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President Blog v.7 - Professional HOA Management

Updated: Aug 3, 2020


Now that Julyuarary is nearly over, we can get to trying to absorb as much vitamin D as possible between now and the end of September!

Changes are ahead for Kingsgate 3&4. In February, at the annual membership meeting I mentioned that I felt strongly about our community having a comprehensive plan for our future. The Board had a reserve study done, which is intended to indicate how much money we need in savings to be able to support future capital improvements and to sustain our facilities. This number is not trivial. There are differing opinions on the percentage of funding required to absorb capital costs, and several methods by which that funding can be secured. That conversation is for another day, however.

The result of our reserve study left several Board members concerned that while our facilities have been adequately maintained, many of them are in need of material upgrades and/or overhauls that have not been done since the community’s inception in the late 1960s. Generally, some members Board were further concerned about the prospect of having an all-volunteer Board, that’s members have busy families, jobs, and other commitments attempt to navigate planning and execution of large-scale capital upgrades in the park and common areas. This kind of planning and project execution requires professional assistance.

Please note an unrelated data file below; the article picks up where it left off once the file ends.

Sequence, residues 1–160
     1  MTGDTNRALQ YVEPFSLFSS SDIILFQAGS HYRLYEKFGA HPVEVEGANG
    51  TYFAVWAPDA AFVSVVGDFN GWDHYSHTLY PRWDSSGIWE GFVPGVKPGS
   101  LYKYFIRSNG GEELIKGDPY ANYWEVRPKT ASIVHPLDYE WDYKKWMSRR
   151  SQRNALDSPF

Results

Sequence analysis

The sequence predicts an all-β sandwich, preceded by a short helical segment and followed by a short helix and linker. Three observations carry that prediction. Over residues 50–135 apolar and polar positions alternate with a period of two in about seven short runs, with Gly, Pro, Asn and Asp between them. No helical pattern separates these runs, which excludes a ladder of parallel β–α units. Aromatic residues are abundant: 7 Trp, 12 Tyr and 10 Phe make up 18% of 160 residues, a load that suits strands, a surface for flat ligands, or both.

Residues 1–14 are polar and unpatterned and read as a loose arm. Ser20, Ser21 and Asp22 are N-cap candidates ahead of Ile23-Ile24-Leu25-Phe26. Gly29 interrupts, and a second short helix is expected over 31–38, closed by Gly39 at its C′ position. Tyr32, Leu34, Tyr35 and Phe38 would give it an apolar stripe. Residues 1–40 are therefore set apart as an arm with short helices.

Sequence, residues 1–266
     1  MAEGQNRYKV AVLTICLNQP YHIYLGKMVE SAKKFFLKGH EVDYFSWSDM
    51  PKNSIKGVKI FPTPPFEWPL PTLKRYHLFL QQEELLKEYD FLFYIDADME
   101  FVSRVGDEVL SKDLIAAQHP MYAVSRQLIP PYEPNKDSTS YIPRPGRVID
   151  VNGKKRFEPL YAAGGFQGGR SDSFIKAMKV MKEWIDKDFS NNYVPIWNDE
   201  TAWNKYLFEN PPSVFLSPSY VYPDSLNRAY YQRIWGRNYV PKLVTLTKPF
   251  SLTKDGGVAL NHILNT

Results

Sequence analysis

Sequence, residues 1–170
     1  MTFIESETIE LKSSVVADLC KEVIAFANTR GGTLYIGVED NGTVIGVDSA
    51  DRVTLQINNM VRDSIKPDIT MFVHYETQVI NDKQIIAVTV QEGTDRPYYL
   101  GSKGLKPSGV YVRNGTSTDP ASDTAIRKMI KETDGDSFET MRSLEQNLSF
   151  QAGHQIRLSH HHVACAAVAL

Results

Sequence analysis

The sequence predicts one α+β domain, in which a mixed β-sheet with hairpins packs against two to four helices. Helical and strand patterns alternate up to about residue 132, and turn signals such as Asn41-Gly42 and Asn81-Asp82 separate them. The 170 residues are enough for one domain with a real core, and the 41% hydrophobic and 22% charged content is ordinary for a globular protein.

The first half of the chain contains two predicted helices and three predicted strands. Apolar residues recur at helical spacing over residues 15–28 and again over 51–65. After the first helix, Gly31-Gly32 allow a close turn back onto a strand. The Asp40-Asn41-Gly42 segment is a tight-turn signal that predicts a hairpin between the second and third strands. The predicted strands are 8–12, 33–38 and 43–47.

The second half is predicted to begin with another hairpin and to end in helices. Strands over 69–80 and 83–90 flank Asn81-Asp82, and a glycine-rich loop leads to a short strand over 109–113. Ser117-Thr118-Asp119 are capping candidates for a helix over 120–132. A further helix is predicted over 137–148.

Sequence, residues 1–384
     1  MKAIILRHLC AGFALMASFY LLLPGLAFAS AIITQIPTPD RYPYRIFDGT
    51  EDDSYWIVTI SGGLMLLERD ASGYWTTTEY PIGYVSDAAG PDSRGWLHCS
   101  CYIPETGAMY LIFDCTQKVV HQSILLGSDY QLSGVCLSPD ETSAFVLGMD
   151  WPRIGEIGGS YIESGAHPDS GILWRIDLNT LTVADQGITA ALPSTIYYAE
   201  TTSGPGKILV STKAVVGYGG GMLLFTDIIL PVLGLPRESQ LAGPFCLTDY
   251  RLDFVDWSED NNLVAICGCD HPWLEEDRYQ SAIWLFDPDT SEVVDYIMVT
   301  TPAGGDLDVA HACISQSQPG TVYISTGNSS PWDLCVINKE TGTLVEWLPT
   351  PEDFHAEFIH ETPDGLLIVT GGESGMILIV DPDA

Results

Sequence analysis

I agreed with this assessment and personally believe that the right professional project management would ensure for the most efficient use of the community’s resources. Early in the year, I began to do some cursory research on this type of project management service and realized that this is something that professional HOA management companies offer, in addition to financial or full-service management. Further investigation into HOA management companies gave me the understanding that nearly all large and medium sized HOAs (Kingsgate being an exception) utilize professional community management services. I have to be honest, I did not even know that professional HOA management was a thing until I began this process in February and while I can’t say for certain, I’m pretty sure a large portion of the Board didn’t know this either.